One of the nice things about receiving the Skoshbox is that it's given me the chance to try Japanese snacks I've seen but never tried before. If I'm shopping at a store or online, I'll go for the KitKats and Tirol chocolates every time, so it's fun to try things that someone else has picked!
As discussed in my previous post, Skoshbox is a new subscription box for Japanese candy, snacks, and trinkets. I received a promotional box and have been covering the items within, but I'm not affiliated with Skoshbox and did not (nor will I) receive any compensation for the reviews or for anyone who subscribes. Skoshbox $12 a month including shipping, and if you do decide to sign up, you can use the code SNACKLUV04 by July 15th to receive a free mystery snack with your first box! Currently, Skoshbox only ships within the US.
Umaibo is the perfect example of something I've seen in stores many times but never got around to trying. It's a cylindrical puffed corn snack that comes in tons of different flavors, and the mascot looks awfully similar to a certain ear-less cat... The promotional box included Mentai and Cheese flavors. I tried the Mentai first because it sounded more interesting. Mentaiko is marinated fish roe, and the stick did smell just a tad fishy (in a good way).
I don't remember ever eating mentaiko, but the Umaibo certainly tasted like Japanese food. It had the flavors of soy sauce, fish, and onion, with a hint of pepper heat. The coating was quite salty, but still tasty. It was very similar to Cheetos in terms of crunch. I will probably let my husband have the cheese flavor, but I'm curious to see how closely it resembles American cheese puffs.
The Skoshbox also included 2 individually wrapped Morinaga Hi-Chew candies in grape and apple. Hi-Chew does a great job with authentic, juicy fruit flavors, and these were no exception. The product guide included in the box explains that Hi-Chew was designed to be an edible chewing gum, which explains the bouncy, almost rubbery texture and long-lasting chew. Hi-Chew is slowly becoming available in stores in the US, but it's still mostly confined to the East and West coasts.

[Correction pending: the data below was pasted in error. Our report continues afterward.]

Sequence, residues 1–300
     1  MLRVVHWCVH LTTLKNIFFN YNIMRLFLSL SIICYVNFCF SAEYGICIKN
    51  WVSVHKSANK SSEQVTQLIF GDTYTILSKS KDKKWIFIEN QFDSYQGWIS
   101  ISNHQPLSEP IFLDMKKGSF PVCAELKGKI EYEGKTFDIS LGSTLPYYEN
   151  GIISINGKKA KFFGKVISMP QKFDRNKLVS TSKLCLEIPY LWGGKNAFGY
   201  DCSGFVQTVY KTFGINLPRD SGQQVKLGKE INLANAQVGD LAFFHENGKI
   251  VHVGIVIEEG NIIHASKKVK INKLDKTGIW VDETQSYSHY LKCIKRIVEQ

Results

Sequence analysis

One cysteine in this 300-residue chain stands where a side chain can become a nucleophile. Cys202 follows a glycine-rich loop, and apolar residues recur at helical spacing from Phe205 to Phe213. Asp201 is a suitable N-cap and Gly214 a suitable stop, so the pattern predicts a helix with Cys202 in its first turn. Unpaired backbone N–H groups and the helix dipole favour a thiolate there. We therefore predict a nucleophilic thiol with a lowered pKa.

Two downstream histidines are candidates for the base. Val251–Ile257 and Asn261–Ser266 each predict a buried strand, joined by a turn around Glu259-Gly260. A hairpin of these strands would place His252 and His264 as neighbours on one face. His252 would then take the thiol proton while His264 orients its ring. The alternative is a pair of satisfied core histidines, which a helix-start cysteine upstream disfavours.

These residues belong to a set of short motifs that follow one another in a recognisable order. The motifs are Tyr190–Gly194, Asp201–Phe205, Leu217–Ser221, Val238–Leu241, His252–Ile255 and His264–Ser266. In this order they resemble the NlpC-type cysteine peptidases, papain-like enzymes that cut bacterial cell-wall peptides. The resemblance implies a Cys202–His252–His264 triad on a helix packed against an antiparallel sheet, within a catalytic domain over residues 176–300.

One of the long-standing candy rivalries (at least in my head) is between M&Ms and Smarties. Preference seems to depend upon home country, and being partial to M&Ms, I'm no exception. Meiji Marble is a similar type of candy, but I'm not sure it's quite in the same league. The texture of the Marble pieces reminded me of Reese's Pieces - thin, crispy shell, and smooth, almost airy chocolate inside. The chocolate wasn't very rich or solid, but it did have a nice, mild cocoa flavor. I loved that a couple pieces had character faces, and it was fun to see a different variety of colors from other similar candies.
Lotte Koala's March is a classic Japanese snack that was available in the US as Koala Yummies when I was a kid in the 1980s. It's a simple chocolate cream filled cookie, and it tastes the same as ever (which is to say it's pretty yummy). The filling is sweet, but the crunchy cookie shell isn't, so it's got a good balance. The only issue I have with Koala's March is that it contains some trans fat, so I keep my consumption to infrequent, small servings like this.
Since I'm probably not going back to Japan in the near future, I'm very tempted to subscribe to Skoshbox for July. I'll finish up the rest of the snacks within the next couple days and keep you posted on my decision! Is anyone else thinking about signing up?